Combustible Celluloid
 
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With: Jon Voight, Dustin Hoffman, Sylvia Miles, John McGiver, Brenda Vaccaro, Barnard Hughes, Ruth White, Jennifer Salt
Written by: Waldo Salt, based on a novel by James Leo Herlihy
Directed by: John Schlesinger
MPAA Rating: R
Running Time: 113
Date: 05/25/1969
IMDB

Midnight Cowboy (1969)

3 1/2 Stars (out of 4)

True Stud

By Jeffrey M. Anderson

In 1969, times were changing and movies were changing too. Midnight Cowboy was an unabashedly adult movie with adult themes and experimental touches, and it took Englishman John Schlesinger (Billy Liar) to bring this approach to an otherwise gritty New York story.

A Texas dishwasher who dresses in cowboy garb, Joe Buck (Jon Voight), packs up and heads to New York to become a hustler, selling his sexual services to rich women. Unfortunately the unsophisticated Joe fails his first few attempts. He meets a small-time con man "Ratso" Rizzo (Dustin Hoffman) who at first tries to fleece Joe but ends up taking him in to his room in a condemned building. Ratso and Joe go to a crazy party and Joe takes drugs and hallucinates. In flashbacks, the uncomfortable, disturbing events of Joe's life are revealed. Ratso's health deteriorates and Joe tries to help him fulfill his dream of moving to Florida.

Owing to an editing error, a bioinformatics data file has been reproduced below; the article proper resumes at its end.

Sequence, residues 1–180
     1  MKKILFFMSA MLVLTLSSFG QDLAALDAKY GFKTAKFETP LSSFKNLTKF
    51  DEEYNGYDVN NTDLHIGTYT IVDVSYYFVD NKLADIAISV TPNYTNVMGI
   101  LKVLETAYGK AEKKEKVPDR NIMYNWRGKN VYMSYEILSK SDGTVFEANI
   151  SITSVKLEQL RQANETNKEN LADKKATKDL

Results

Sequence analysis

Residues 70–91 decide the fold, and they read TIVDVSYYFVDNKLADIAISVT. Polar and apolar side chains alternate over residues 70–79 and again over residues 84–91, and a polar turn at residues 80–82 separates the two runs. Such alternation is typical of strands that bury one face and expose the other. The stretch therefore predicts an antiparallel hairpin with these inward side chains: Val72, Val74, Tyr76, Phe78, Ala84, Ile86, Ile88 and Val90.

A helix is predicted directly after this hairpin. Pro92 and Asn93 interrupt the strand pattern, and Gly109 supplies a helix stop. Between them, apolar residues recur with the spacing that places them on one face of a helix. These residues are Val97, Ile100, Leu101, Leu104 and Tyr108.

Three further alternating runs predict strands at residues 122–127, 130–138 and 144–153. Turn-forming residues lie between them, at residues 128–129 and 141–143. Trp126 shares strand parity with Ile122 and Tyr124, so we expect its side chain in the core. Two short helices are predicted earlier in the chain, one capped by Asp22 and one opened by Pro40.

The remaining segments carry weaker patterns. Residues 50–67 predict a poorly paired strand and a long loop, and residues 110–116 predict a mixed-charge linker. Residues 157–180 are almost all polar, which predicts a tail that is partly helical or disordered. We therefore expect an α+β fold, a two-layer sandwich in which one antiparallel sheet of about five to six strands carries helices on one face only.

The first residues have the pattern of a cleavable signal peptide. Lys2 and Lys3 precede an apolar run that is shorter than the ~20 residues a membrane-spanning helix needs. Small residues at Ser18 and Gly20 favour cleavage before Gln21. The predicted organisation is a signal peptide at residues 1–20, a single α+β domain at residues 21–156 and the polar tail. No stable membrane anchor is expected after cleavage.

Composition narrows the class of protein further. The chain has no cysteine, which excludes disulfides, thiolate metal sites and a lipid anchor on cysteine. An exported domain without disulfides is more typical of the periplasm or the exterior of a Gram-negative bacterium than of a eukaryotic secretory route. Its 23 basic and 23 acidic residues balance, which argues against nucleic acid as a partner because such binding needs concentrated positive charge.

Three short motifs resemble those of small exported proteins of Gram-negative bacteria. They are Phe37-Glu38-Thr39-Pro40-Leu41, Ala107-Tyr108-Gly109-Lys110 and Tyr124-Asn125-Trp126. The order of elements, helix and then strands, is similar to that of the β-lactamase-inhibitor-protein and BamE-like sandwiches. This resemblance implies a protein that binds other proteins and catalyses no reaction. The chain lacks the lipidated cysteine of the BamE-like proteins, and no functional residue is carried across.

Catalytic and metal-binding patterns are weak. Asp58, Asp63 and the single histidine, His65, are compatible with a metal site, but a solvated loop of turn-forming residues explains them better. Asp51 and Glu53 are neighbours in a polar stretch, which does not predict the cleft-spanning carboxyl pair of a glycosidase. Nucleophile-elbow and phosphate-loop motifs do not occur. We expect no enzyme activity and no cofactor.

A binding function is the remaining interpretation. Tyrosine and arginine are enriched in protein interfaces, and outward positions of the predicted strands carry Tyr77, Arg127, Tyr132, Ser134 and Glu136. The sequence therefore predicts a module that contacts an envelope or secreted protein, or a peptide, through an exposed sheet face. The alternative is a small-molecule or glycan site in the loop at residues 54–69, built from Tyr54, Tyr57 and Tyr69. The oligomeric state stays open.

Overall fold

Schlesinger turns in a film of constant visual conflict, centered on the tall, blonde, handsome Joe and the short, dark, scraggy, greasy Ratso. Joe's sunny optimism about the life that awaits him, and what he actually gets, are at odds. Realism also crosses sharply with the psychedelic party scene.

Dingy and doomed, but nonetheless full of life, the movie was one of the year's top hits and won three Oscars, for Best Picture, Best Director, and Best Screenplay (Waldo Salt). Actors Jon Voight, Dustin Hoffman, and Sylvia Miles were all nominated. Harry Nilsson's warm, sad theme song "Everybody's Talkin'" was also a hit, and Hoffman's line, "I'm walkin' here!" became one of the all-time classic movie quotes.

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